National Records of Scotland is an agency of the Scottish government. On April 1, 2011 the National Archives of Scotland merged with the Registrar to form the National Records of Scotland as part of a government effort to merge organizations within the government. They have 72 kilometers of shelving and records of births and deaths dating from the 12th century. They also have the census records from 1841. There are six buildings in Edinburgh, and they employ 450 staff members. The public access facilities include six public search rooms and nine webpages, though things are changing now that the merger between the agencies has occurred.
Currently they report to the Cabinet Secretary of Culture and External Affairs, but they have been under various departments over the years. The growing interest in genealogy has raised the profile of the National Records of Scotland and its importance to the community. They digitize the most frequently used records in an effort to balance access and preservation needs. Their oldest document is a brieve from King David I dated in the 1120s.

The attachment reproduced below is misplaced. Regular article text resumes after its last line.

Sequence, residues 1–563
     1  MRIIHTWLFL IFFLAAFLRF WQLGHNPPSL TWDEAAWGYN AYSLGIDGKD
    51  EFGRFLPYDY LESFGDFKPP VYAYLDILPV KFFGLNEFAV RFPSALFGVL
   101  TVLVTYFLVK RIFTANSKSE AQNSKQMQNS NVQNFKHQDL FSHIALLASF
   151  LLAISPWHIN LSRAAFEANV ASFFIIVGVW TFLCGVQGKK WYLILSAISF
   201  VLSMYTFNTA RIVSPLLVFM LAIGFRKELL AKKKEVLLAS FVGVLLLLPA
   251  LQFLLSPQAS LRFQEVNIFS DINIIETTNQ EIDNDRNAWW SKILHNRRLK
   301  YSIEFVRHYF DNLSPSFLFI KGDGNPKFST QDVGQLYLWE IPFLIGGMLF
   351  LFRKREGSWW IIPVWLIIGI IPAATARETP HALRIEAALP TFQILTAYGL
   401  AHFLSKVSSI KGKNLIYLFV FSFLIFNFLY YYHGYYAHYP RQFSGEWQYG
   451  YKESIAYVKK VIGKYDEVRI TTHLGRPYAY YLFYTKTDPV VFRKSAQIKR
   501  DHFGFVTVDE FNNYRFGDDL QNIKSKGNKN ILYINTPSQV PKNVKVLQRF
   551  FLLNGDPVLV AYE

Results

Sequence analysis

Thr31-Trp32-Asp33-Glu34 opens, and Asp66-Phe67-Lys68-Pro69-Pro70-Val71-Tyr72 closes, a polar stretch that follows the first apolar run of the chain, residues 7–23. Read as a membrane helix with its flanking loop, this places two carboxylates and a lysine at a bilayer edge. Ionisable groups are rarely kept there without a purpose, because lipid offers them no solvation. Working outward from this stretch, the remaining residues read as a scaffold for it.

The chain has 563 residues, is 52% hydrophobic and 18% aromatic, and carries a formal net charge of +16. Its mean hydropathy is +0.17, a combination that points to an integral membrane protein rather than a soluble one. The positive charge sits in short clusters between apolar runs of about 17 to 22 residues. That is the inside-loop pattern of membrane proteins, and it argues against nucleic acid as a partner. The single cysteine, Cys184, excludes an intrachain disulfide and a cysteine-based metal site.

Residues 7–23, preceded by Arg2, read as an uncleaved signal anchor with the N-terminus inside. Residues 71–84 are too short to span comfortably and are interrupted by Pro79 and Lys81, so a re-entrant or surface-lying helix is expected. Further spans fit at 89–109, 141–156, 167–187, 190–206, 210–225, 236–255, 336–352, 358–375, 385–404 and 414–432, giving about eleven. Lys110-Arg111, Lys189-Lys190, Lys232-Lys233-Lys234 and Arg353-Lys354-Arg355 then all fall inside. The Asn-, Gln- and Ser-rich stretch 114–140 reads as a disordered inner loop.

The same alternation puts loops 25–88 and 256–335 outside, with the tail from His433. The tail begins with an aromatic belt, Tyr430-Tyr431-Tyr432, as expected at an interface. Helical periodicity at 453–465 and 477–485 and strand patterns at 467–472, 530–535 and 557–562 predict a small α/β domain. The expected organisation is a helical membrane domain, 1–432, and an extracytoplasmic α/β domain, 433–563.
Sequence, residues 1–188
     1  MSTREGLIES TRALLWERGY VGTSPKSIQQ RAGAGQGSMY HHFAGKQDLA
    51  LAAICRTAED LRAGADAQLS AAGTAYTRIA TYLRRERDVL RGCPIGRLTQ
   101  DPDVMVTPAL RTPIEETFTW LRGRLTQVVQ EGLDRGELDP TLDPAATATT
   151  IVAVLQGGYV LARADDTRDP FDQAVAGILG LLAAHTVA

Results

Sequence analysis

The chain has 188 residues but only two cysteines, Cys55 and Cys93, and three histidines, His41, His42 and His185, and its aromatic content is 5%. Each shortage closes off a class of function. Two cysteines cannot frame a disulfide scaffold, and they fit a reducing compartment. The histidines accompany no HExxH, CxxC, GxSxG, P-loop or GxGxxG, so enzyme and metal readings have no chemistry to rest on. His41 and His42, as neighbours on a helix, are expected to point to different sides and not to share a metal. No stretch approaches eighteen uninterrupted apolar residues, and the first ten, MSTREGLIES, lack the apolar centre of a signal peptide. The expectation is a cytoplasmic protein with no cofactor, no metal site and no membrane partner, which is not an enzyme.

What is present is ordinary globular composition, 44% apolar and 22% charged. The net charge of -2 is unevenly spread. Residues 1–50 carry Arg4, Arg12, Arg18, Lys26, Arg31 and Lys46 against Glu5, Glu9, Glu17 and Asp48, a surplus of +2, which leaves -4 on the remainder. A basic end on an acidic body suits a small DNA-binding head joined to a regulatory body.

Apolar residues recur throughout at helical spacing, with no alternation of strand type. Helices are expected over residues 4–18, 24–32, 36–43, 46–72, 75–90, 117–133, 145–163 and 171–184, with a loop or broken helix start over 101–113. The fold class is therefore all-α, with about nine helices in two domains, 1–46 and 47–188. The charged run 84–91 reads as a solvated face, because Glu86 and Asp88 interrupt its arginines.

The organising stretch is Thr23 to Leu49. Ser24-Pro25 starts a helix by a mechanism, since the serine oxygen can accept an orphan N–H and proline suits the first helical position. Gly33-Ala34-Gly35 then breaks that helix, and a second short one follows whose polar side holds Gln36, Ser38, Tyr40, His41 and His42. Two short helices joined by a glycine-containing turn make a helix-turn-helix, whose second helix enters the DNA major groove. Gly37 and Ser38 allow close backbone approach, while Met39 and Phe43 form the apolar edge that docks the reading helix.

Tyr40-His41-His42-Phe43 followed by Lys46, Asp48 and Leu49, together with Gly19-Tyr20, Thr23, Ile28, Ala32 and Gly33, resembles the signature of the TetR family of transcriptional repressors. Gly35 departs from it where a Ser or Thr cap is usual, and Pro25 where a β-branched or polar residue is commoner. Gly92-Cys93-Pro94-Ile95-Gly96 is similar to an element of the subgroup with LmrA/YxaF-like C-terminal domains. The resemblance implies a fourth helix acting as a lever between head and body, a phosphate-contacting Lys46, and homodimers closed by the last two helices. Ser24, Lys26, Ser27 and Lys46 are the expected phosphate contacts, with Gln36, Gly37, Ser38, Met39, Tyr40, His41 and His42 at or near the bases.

I found the National Records of Scotland to be wonderfully welcoming, and it is amazing to realize how organize they are and how much access is available to their research materials. They seem to have undergone their merger with grace. It seems they have an excellent situation for assisting people with genealogy research, in which I know some members of our class were interested in taking advantage. I am glad we had an opportunity to visit a national archive and record administration like this during our time in the UK. It is amazing to see how much more efficiently a national archive and records administration can function in a smaller country. The national records administration in the United States is often several steps behind because it is just so large and cumbersome to deal with the records of a large nation. I also found it fascinating that much like NARA in the US, National Records of Scotland has fallen under different authority within the government over time. It seems that deciding where archives and records fall within a government is a universally difficult matter.